Monteiro Lobato is the mastermind responsible for books that have entertained generations of Brazil's children. Viewed as a national hero, he has made a significant contribution to the country's cultural heritage.

Brazilian author Maurício de Souza, the creator of children's comic book Turma da Mônica (Monica's Gang) [pt], was quoted by Silvana Nunes in Meu caderno de poesias (My poetry notebook) [pt], making a heartfelt defense of Lobato's work:

(…) durante essa guerra que travava contra o atraso, semeava ideias e livros para as crianças. Os melhores de todos os tempos.

(…) meanwhile he fought a war against backwardness, he was seeding ideas and books for children. The best of all times.

However, César Baldi cited by BloQ [pt], sees limiting the idea of racism to the moment the book was written (an argument used in Lobato's defense) as denying the permanent nature of the discrimination of black people.

The cast of Yellow Woodpecker Ranch in the Globo television series based on Monteiro Lobato's children's books. Image courtesy of Obvious magazine.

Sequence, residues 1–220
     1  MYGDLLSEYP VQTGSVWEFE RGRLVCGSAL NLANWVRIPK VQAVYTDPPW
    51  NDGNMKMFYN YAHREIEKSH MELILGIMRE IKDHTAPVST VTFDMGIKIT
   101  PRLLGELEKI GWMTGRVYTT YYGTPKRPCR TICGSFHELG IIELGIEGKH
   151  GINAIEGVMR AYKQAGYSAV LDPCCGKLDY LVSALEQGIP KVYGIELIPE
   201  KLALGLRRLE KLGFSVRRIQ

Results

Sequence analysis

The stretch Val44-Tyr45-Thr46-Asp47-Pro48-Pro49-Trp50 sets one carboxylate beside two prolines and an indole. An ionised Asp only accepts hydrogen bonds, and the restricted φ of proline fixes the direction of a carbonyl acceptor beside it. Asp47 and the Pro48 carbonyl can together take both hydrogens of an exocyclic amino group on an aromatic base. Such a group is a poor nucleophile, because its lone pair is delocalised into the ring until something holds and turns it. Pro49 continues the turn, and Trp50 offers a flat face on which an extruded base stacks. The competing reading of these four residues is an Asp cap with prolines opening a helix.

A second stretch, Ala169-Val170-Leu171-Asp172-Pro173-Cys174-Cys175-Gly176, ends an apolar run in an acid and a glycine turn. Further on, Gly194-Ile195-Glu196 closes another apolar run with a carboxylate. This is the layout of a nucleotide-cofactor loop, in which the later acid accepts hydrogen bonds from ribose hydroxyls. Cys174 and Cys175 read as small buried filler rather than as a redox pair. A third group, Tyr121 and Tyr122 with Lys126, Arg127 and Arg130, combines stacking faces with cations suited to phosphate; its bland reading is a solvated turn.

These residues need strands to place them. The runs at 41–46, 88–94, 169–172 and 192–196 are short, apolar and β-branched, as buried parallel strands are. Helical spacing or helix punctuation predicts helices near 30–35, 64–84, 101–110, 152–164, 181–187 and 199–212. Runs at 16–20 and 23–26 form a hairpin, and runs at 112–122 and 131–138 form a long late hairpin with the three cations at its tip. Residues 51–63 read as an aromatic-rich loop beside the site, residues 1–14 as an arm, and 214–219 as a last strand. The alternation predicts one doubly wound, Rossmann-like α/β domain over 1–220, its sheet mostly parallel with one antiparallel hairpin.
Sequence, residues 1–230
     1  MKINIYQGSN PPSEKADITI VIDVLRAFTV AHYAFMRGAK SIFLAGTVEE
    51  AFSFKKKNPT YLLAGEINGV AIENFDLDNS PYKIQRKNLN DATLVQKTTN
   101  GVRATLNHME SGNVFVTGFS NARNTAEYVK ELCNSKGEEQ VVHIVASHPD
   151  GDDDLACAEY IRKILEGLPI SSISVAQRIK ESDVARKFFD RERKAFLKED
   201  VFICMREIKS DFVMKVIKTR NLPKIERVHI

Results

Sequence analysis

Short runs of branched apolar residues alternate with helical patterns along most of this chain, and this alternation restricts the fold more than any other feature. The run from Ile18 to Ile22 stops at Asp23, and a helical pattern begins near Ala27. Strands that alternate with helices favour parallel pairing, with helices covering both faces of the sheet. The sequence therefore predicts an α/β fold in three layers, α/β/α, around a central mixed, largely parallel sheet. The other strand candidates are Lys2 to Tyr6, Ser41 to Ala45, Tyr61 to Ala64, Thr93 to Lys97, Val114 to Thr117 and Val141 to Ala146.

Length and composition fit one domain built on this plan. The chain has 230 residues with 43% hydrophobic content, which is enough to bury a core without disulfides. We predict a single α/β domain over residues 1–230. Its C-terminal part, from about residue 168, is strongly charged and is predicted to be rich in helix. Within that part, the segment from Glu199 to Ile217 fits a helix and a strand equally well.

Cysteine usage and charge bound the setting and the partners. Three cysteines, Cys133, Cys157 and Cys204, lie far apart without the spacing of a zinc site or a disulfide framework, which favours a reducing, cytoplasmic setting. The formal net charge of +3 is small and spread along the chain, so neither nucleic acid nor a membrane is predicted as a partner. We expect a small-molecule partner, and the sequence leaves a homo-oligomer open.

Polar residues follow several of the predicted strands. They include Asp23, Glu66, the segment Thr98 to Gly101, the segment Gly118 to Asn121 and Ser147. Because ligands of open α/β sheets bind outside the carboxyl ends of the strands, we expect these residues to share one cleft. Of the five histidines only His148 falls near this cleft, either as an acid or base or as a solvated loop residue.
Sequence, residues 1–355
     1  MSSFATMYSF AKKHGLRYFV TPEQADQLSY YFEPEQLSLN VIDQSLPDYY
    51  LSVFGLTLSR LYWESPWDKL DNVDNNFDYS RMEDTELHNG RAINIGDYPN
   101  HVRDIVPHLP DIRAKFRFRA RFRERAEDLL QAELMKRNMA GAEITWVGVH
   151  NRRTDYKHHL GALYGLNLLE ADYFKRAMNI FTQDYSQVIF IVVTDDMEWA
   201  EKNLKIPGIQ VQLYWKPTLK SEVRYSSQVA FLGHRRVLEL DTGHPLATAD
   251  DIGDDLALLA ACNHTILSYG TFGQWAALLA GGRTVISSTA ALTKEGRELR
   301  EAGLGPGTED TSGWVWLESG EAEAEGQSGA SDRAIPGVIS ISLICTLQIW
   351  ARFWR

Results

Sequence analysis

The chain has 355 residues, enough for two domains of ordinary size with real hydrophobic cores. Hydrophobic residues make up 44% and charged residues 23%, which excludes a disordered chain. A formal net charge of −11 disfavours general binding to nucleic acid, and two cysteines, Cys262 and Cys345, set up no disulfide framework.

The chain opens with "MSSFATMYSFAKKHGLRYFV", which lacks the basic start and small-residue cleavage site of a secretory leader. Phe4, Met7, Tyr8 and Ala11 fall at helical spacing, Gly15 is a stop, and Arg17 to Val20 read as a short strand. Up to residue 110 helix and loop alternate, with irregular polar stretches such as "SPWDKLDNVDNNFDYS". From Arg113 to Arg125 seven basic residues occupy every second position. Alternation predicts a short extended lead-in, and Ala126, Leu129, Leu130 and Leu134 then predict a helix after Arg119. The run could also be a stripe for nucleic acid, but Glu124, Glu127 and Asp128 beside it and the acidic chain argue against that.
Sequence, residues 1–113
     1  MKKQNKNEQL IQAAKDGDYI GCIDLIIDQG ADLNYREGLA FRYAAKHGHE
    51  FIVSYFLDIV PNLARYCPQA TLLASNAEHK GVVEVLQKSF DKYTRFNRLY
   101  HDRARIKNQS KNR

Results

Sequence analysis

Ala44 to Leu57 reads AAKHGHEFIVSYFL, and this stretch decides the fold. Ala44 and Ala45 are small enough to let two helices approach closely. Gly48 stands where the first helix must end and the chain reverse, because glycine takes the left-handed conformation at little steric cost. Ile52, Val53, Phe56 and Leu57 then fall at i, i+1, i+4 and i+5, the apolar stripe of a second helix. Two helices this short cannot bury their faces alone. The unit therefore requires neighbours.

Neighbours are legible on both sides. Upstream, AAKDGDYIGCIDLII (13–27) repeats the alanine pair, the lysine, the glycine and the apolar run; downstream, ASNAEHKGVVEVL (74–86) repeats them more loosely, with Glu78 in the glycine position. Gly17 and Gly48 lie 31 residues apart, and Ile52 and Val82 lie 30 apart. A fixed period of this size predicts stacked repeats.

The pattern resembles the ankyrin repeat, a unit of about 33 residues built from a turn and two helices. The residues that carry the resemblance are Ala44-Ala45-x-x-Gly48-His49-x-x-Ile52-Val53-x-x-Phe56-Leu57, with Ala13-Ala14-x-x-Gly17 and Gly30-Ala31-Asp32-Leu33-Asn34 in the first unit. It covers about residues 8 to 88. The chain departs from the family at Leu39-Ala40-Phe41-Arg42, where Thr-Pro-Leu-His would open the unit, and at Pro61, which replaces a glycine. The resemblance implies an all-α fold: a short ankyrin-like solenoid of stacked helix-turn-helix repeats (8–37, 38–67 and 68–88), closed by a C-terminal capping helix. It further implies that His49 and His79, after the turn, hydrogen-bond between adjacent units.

The cast of Yellow Woodpecker Ranch in the Globo television series based on Monteiro Lobato's children's books. Image courtesy of Obvious magazine.

Terezinha Pereira from the blog Alma Carioca (Carioca Soul) [pt], questioned the criteria adopted by the NCE and the Special Secretariat in the analysis of the complaint:

Nem devem imaginar que personagens da ficção “tem voz própria” que, necessariamente, não é a mesma do autor. E se fosse? Não seria um bom motivo para discussão na escola?

They probably don't even imagine that fictional characters have “their own say” which is not necessarily the same as the author's. And what if they were alike? Wouldn't this be a good point with which to foster debate at school?

Idelber Avelar, from the blog O biscoito fino e a massa (The cracker and the mass) [pt], gave an educational perspective to the matter: